Om mane padme Hum
Om mane padme Hum
Om mane padme Hum
Om mane padme Hum
Om mane Padme Hum
Om mane Padme Hum

The poor seeker landed at Lhasa airport with little interest in explorations of the mind.

Boundless wastelands and stirring streams fiercely greeted me. The new moonscape facing me was weird and hypnotizing. The infinite vastness engulfed me. I frequently felt these ancient rhythms.

The dust....

The seeker was karmically ignorant. The seeker was terribly self-centered. The seeker was on the periphery. The seeker still thought there was a goal. The seeker still felt there was a distance. The seeker was still seeking.

There were strong flashes of an ancient life just barely being grasped here by a mind that was seriously weakened. Headaches and chills. The traveler was in some desperate trouble.

So what is a mantra?

I must keep drinking more water or I shall be in the hospital tomorrow. My poor lungs ache like hell. There is something so cruel about Tibet that I cannot really describe.

So what is a mandala?

It's so powerful the way the natives prostrate and drag themselves on these long dirt paths.

So what is strong devotion?

I don't understand what I'm seeing, really....

So what is witnessing?

I stepped suddenly into the twilight zone and found no mental orientation hooks to latch onto here. The mighty Jokang left me in a daze. Disneyland, the Buddha, and Dracula were all fused dramatically inside my thoughts. This was the moment my mind encountered this higher and unknown force.

So what is mental disorganization?

Dusty pilgrims prostrated themselves on the dirt floors and dragged themselves forward. The potent smell of yak butter hit my nostrils. I entered the Jokang's noisy courtyard and then its main altar-room. Lines of pilgrims snaked themselves through the main altar-room and towards the darker and smaller rooms nearby.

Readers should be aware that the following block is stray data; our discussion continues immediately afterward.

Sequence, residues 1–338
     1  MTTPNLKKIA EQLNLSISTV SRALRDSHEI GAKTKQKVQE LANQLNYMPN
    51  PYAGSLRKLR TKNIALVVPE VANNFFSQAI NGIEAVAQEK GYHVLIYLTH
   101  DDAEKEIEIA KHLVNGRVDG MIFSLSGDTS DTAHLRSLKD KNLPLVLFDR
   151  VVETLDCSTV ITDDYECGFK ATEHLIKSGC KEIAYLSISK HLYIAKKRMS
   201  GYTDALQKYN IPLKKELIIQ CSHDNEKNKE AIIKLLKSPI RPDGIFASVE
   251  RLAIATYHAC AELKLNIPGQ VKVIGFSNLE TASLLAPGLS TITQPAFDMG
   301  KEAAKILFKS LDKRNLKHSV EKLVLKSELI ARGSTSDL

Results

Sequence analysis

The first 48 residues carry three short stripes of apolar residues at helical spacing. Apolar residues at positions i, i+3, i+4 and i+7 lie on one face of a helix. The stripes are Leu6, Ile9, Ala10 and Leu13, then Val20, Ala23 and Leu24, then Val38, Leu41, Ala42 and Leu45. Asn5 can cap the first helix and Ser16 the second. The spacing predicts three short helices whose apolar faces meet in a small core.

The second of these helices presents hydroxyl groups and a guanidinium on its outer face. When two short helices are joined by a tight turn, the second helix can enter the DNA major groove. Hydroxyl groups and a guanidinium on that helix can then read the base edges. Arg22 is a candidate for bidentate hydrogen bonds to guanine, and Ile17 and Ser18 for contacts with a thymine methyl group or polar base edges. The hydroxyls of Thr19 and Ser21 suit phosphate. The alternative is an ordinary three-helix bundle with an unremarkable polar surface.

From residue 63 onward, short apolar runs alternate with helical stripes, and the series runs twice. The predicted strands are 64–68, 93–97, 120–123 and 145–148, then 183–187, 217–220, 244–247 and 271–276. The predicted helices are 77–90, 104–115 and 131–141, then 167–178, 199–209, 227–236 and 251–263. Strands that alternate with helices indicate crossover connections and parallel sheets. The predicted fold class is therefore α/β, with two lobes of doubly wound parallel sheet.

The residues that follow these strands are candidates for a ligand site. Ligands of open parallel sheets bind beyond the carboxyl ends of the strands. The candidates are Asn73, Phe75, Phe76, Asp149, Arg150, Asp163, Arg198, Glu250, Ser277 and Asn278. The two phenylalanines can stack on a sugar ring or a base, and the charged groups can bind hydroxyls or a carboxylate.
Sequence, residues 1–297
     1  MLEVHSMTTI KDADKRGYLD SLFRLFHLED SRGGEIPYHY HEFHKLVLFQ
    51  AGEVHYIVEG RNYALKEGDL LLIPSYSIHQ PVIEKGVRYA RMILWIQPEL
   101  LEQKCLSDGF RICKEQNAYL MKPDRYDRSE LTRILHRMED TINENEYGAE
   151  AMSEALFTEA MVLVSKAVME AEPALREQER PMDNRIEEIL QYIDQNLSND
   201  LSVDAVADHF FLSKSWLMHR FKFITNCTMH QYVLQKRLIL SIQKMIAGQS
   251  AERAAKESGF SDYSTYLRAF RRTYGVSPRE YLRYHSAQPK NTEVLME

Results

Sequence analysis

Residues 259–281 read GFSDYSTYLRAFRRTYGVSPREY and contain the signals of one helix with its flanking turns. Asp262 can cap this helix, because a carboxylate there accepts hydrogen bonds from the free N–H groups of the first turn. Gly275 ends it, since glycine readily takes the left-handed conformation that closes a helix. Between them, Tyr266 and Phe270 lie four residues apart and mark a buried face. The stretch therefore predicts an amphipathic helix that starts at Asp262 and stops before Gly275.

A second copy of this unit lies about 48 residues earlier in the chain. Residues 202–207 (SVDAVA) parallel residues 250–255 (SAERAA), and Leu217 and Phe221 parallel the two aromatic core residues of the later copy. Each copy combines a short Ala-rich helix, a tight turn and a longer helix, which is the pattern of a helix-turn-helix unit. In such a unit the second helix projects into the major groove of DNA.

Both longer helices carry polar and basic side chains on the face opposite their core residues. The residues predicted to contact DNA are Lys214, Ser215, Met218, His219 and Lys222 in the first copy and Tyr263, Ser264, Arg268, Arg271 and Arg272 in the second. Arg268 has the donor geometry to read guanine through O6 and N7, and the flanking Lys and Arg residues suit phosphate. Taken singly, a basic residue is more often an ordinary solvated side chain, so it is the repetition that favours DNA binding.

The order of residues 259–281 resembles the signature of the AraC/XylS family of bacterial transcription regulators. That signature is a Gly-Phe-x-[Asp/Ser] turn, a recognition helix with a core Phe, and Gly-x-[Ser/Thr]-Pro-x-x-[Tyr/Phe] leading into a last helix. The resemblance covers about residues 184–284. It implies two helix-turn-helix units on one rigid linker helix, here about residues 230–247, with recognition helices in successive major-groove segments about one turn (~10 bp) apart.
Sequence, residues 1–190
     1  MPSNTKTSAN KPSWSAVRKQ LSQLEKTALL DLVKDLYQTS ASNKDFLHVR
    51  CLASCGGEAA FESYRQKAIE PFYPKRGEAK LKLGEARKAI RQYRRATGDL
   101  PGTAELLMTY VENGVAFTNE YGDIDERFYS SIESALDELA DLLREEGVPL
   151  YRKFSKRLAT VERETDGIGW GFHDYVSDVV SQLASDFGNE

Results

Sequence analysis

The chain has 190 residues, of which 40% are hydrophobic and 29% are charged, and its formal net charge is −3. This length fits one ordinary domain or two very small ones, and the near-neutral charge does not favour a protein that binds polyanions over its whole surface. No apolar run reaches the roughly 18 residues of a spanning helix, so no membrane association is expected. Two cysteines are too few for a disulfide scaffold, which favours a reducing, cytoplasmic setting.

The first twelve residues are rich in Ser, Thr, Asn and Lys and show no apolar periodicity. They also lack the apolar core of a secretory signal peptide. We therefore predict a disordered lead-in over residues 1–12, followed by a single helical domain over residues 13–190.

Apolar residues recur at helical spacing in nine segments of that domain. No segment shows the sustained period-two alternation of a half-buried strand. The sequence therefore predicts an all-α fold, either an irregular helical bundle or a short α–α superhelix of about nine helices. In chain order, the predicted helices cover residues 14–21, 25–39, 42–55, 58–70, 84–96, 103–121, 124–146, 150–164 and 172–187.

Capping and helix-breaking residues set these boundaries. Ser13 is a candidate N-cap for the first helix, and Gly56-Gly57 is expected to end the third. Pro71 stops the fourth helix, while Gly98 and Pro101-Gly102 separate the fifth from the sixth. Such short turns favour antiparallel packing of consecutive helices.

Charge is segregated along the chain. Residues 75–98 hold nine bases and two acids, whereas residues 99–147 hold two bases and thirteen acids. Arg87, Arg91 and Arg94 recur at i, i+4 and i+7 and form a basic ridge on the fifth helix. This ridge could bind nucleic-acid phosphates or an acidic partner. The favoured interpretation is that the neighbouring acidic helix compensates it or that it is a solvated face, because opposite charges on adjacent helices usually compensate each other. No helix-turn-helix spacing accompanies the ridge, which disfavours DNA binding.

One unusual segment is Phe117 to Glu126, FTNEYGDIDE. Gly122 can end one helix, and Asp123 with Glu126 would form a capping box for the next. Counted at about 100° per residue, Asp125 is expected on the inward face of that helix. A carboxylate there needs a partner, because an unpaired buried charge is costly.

(The seeker never considered himself much of a spiritual person....)

Each room had zillions of statues of the Buddha and other saints unknown to me then. Monks sat and chanted endlessly.

The pilgrims uttered the name of SHAKYAMUNI, ceaselessly.

So what is the deepest reverence?

Along the walls of the inner courtyard, prayer wheels spinned seemingly without human assistance. Shining reds, yellows, and greens captivated the curious traveler.

So what is real magic?

The priests wore these curiously curved boots. The endless statues were painted in bright hallucinatory colors. Some of the sacred statues had scary fangs and multiple arms.

So what is real power?

I walked slowly up the steps just outside the potola. The thin air forced my tired lungs to grind and labor. I trudged up the steps to the second floor and found a sublime view.

So what is this?

The Dalai Lama had fled Potola long ago. His old boots rested next to his bed and the clock on the wall was frozen at the exact hour that the master had exited his country.

So what is a real trance?

I hitched a quick ride to the Deprung monastery and quickly realized this was going to be another twilight zone experience.